From ancient times, in India, rivers have been given immense honor and respect. With their cool, sustaining and satisfying waters that promoted the growth of civilizations, rivers were compared to the nurturing mother. Conceived by Shantha Raman, the performance featured choreography by Abhinaya Artistic Director and Founder Mythili Kumar and principal dancer Rasika Kumar with dancers Anjana Dasu, Preeti Vissa, Radhika Kannan,Yatrika Ajaya,Pia Mishra, Kaushika Vayyala, Shirini Surapaneni, Lalitha Kristapathi, Megha Koduri, Pooja Sohoni, Nidhi Gandhi, Kavita Varadarajan, Priya Patel, Divya Patel,Megha Ranganathan, and Lakshmi Venkatesan. Original music was specially composed by guest artist and vocalist Babu Parameshwaran.The orchestra also included Malavika Kumar (Nattuvangam), N. Narayan (Mridangam & Kanjira), Shanthi Narayan (violin)
Premiered in 1998, this repeat concert featured company dancers enacting key episodes followed by student dancers presenting favorite songs on the handsome Lord on the peacock.
The show was sold out for two days. Mythological legends on the importance of honoring, respecting and protecting the earth were presented. Contemporary reflections on the earth and the environment were portrayed by dramatizing inspirational stories of environmental activists from India and Africa who have been recognized for their work by winning the Goldman award (‘Green Nobel’). The concept for Prithvi was suggested by JUBV Prasad. The featured dancers were Artistic Director and choreographer Mythili Kumar, principal dancer and choreographer Rasika Kumar, accompanied by Anjana Dasu, Sushma Umesh, Yatrika Ajaya, Lakshmi Venkatesan, Neeraja Venkat and Pamela Bandopadhyay. Original music for the show was composed by award-winning Bay Area musician Asha Ramesh who also provided the vocals for this concert series . The orchestra also included Malavika Kumar (Nattuvangam), N. Narayan (Mridangam & Kanjira), Shanthi Narayan (violin), Ragavan Manian (flute), Ravi Gutala (tabla, & Dholak), and A. Mahadevan (Morsing).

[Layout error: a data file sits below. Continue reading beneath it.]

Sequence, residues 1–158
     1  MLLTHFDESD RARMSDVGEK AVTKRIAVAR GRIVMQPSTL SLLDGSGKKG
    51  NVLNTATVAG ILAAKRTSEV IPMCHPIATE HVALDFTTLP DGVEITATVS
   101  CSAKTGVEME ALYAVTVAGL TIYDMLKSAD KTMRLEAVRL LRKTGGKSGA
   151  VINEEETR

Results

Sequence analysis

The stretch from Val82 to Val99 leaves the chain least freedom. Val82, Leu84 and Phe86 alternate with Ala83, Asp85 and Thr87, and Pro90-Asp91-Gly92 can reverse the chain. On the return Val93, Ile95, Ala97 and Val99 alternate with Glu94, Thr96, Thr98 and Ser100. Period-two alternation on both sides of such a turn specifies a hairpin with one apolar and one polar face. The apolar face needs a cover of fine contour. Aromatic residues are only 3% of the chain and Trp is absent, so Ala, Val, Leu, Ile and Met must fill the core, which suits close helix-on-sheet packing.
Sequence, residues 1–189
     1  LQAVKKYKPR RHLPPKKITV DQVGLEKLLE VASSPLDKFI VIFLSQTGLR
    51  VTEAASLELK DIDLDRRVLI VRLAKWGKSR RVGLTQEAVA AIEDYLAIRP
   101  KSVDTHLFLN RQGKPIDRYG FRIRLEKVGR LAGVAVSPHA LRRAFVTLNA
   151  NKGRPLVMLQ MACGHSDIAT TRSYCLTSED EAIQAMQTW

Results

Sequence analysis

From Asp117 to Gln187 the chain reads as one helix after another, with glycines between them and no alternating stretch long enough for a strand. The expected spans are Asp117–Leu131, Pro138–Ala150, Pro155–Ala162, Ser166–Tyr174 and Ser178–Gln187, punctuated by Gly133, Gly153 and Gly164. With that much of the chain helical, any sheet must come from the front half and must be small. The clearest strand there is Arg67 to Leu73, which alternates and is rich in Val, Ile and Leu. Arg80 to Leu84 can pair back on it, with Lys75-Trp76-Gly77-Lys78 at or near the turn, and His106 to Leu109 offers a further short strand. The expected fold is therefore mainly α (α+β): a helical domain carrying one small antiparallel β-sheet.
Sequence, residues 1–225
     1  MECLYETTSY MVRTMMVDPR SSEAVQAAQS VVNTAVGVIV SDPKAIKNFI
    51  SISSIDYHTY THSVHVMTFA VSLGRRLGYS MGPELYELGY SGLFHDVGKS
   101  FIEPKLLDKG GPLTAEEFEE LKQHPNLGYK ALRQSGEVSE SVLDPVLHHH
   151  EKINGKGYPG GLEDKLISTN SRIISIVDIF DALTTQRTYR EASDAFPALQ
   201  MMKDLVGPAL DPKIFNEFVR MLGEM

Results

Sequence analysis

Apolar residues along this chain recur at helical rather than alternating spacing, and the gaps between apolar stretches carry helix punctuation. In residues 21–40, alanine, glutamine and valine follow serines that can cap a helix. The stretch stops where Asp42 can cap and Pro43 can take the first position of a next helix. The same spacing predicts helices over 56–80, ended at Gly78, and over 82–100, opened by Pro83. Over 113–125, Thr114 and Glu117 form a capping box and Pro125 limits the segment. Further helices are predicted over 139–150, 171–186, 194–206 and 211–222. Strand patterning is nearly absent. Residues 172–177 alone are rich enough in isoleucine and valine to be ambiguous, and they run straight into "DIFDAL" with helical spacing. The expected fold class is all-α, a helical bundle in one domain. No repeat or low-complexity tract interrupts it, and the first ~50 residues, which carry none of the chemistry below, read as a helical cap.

Abhinaya received a National Endowment for the Arts grant to collaborate with master guru Sri C.V. Chandrasekhar in the presentation of Kalidasas Ritusamharam – The Varied Seasons. The concerts took place on Saturday, November 18, 2006 at the Mexican Heritage Theater in San Jose and Sunday, November 19, 2006 at the Santa Cruz Civic Auditorium.Â The performances presented verses from the ancient work Ritusamhara (the gathering (samhara) of the seasons (ritu)), a lyrical description by the poet Kalidasa of the six seasons in the Indian subcontinent.Â Several of our company dancers were trained for this upcoming concert by the famed dancer and guru Shri C.V. Chandrasekhar during his visit in April and May of 2006.
Surya, the Sun God, takes his place in Indian mythology as the source and sustainer of all life on earth. His radiance and inexhaustible power are associated with healing as well as the banishment of darkness and evil. Worshiping the Sun has always been considered an essential part of the Hindu religion and ancient Hindu texts are full of hymns describing the glory of this beneficent celestial being.